ministry of finance without a court order.
• Anonymity: lifted for savings accounts in 2002.
• Automatic information exchange: reporting on
EU citizens’ income to their home governments.
Currently under negotiation for non-Austrians.
• Authority aid law (Amtshilfegesetz): Automatic reporting by Austria on salary, annuity and rental
income of other EU citizens; coming in 2014.
• Withholding tax (Quellensteuer): 35% of ­interest
earned by EU citizens is anonymously delivered
to their home countries.
•C
apital gains tax (KESt) : 25% of interest earned
by Austrians goes to the treasury.
Reconnecting with home
Marion Wolff and her husband Paul were
visiting from the United States for a week, following the invitation from JWS.
Founded in 1980 by a group including thenmayor of Vienna, Social Democrat Leopold
Gratz and ­Holocaust survivor Leon Zelman, the
JWS assists ­Holocaust survivors and their relatives in visiting their former home. Twice a year
since 1989, some 3,500 people in all have taken
advantage of the opportunity.
For most of this year’s 70 participants – from
Argentina, Mexico, the U.S., U.K. and Israel – it
is an emotional experience: A sightseeing tour
around Vienna, a visit to the Jewish Cemetery
at the Zentralfriedhof, as well as counselling
at ESRA (Hebrew for “help”) – established in
1994 as a service for Holocaust survivors and
their families.
The busy agenda also included meetings
with Austrian politicians, beginning with a
Wiener Jause on 16 April with Andreas MailathPorkorny, city councillor for cultural affairs, in
the Senatssitzungssaal of the Rathaus. The invitation “is not just a gesture of reconciliation,
but represents an effort in keeping recollections
of the darkest part of Austria’s history alive,”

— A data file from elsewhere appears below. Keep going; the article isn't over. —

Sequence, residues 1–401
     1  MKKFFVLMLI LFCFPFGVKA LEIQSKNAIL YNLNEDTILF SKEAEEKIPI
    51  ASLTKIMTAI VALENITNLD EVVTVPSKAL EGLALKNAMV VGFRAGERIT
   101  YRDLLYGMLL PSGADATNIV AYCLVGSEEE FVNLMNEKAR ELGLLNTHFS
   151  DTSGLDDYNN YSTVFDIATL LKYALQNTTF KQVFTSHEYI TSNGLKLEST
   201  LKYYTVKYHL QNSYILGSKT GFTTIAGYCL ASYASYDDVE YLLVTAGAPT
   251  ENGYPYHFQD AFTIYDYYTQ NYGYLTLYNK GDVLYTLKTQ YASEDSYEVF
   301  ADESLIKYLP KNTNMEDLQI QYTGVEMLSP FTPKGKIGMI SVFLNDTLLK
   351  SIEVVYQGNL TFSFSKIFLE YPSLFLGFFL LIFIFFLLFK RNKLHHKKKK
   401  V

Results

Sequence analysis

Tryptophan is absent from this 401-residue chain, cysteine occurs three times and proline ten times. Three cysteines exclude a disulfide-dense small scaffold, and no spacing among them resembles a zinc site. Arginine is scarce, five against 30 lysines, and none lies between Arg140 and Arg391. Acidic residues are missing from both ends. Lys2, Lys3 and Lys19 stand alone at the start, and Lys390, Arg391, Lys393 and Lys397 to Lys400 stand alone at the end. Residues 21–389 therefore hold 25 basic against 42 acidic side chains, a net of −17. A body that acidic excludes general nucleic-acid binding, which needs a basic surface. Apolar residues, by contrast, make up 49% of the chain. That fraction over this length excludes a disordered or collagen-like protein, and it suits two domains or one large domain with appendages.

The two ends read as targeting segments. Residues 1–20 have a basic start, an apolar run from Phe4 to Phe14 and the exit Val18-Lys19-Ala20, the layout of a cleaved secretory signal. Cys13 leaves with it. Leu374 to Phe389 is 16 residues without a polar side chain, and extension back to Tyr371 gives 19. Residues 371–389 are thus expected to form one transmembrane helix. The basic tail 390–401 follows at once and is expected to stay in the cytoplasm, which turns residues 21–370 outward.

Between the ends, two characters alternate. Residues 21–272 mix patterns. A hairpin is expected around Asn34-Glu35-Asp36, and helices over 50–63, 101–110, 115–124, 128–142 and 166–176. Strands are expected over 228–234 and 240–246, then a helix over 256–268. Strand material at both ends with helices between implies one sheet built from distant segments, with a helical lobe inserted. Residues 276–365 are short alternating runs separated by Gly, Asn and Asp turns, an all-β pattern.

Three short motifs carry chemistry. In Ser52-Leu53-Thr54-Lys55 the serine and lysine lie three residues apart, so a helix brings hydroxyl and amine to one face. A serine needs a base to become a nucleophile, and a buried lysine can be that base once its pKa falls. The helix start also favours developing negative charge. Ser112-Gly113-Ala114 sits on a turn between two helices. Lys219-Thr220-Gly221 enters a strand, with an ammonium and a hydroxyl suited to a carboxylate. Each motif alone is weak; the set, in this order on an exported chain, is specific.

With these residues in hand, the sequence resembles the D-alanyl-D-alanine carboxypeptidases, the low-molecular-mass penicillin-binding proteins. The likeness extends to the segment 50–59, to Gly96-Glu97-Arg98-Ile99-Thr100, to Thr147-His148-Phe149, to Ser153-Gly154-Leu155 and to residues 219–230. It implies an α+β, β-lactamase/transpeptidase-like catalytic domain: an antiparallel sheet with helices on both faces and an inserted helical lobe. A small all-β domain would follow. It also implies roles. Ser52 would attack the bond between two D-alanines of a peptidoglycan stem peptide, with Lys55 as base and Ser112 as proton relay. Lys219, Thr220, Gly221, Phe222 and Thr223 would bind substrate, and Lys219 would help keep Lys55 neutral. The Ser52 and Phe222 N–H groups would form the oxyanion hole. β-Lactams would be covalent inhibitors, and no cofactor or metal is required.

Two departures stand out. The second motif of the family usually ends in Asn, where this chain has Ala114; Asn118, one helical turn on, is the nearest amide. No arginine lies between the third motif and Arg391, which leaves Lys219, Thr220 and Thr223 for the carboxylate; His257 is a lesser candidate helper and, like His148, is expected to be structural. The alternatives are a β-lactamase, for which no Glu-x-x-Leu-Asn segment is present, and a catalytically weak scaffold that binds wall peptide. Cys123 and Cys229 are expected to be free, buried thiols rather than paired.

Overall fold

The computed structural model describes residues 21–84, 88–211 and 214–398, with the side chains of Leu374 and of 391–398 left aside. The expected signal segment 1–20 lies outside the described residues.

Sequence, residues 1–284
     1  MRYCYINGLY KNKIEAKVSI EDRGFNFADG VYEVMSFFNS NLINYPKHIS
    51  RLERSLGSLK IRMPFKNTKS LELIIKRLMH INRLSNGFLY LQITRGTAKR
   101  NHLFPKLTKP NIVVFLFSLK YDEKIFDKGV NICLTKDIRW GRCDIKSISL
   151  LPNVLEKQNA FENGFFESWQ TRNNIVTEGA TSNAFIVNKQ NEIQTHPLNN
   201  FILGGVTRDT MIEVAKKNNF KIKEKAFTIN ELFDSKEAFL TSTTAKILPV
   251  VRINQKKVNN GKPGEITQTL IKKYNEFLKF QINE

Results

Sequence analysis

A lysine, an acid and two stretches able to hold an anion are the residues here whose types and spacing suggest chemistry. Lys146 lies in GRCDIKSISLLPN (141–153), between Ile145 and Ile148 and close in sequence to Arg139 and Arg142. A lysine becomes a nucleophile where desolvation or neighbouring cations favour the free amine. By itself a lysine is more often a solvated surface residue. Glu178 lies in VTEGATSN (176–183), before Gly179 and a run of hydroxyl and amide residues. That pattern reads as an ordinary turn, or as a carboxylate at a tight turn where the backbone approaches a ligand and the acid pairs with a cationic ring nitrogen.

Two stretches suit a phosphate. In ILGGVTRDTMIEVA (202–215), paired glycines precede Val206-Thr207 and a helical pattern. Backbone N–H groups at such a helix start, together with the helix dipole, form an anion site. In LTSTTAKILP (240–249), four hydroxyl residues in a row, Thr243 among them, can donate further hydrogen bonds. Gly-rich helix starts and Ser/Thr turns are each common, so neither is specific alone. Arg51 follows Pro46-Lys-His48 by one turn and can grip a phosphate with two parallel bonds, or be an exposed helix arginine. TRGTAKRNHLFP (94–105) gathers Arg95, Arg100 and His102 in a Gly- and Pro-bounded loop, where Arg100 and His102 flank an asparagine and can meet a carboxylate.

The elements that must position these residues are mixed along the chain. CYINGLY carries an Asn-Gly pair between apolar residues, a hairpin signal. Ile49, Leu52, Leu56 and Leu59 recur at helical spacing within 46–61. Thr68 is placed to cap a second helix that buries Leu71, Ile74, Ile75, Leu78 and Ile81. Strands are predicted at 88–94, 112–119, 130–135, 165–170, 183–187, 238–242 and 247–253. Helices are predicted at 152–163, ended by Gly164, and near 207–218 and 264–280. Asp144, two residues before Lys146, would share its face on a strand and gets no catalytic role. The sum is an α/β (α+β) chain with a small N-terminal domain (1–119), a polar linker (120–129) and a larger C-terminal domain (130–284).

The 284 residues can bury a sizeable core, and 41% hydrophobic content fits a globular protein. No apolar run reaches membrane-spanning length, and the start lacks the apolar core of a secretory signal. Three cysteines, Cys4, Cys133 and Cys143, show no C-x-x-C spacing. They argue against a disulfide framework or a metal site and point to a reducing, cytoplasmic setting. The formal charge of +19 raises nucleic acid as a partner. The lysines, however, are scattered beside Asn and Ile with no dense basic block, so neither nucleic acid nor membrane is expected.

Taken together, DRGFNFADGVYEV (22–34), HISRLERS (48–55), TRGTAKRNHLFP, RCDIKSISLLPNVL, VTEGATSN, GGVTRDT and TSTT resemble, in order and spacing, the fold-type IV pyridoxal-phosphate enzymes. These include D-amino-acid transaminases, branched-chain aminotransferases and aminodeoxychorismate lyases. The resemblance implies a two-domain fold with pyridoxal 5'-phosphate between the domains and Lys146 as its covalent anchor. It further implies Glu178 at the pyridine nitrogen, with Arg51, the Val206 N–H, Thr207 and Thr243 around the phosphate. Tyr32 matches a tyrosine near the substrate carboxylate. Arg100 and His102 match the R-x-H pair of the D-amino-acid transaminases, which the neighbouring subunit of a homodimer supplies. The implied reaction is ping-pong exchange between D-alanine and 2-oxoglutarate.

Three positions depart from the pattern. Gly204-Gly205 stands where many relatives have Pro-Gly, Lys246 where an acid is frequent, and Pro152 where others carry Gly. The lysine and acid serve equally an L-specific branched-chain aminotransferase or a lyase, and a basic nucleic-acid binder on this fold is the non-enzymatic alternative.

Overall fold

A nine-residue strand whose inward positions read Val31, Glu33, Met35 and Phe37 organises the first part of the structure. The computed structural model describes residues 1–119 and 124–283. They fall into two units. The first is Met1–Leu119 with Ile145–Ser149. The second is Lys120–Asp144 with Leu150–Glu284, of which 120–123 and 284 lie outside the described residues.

Mailath-Pokorny said over traditional Melange
and Sachertorte.
“We would like to build bridges – also to the
next generation. To show our Jewish guests that
today’s Vienna is also their home, as it had been
for hundreds of thousands of their ancestors before National Socialism.”
At the school, Marion Wolff concludes her
talk by sharing her feelings of her first time back
in Vienna after the war. It was 12 years ago:
“It was a terrible experience,” she tells her
listeners. “I felt I had to get out of there immediately.” But as she looks out over the students’
faces, her tone softens, and her voice becomes
more confident:
“This is the third generation, and hopefully
Vienna is quite different now.”
¸
tax evasion. “A withholding tax (Quellensteuer) is a
much more efficient instrument,” she said.
After many delays, on 27 April, Chancellor
Werner Faymann announced that Austria would
loosen its bank secrecy regulations. “We want to
promote an outcome in the interest of fighting
corruption in Europe,” he told the Austrian national broadcaster ORF, adding that it would be
more harmful for Austria to have a reputation for
protecting swindlers.
After much debate among coalition members, the government presented a preliminary
proposal on 26 April, which provides for information exchange on the accounts of foreigners
but ensures that bank secrecy for Austrian citizens stays intact. This solution gained the support of President Heinz Fischer, who called it “a
contribution to greater justice.”
Is Austria hindering the banking union?
The EU’s Šemeta and the finance ministers
fear Austria’s resistance will hinder the process
of forming an EU-wide banking union. While
Germany stressed the need for a single overseer,
namely the European Central Bank, it conceded that supervision could go forward without
a unified change in monetary policy. Minister
Schäuble also noted that setting up EU institutions to share the burden of restructuring and
closing banks will require changes to the EU
treaty. This could however affect the legal basis
of the banking supervision system once it goes
into effect in 2014, regardless of any unified
monetary policy.
Šemeta sees Austria’s position as vital to
progress on an EU level. “We have two important dates coming up: The council of finance
ministers on 14 May and the EU summit on 22
May,” he said, stressing the need for “strong political pressure on Austria to make a decision to
move forward. Especially in light of how Luxemburg has moved.”
The proposal suggests that a union affecting
international transactions may be possible without
changing Austria’s constitution. And regardless of
the outcome of the talks in May, Austrian politicians appear to understand the need for unified
transparency policies to prevent corruption.
If the Alpine Republic wants to be an exception, it may need to abandon its own tradition of
leisure when it comes to fiscal decision-making.
After all, it’s not just private Sparbücher on the
line this time, but the future of the eurozone.¸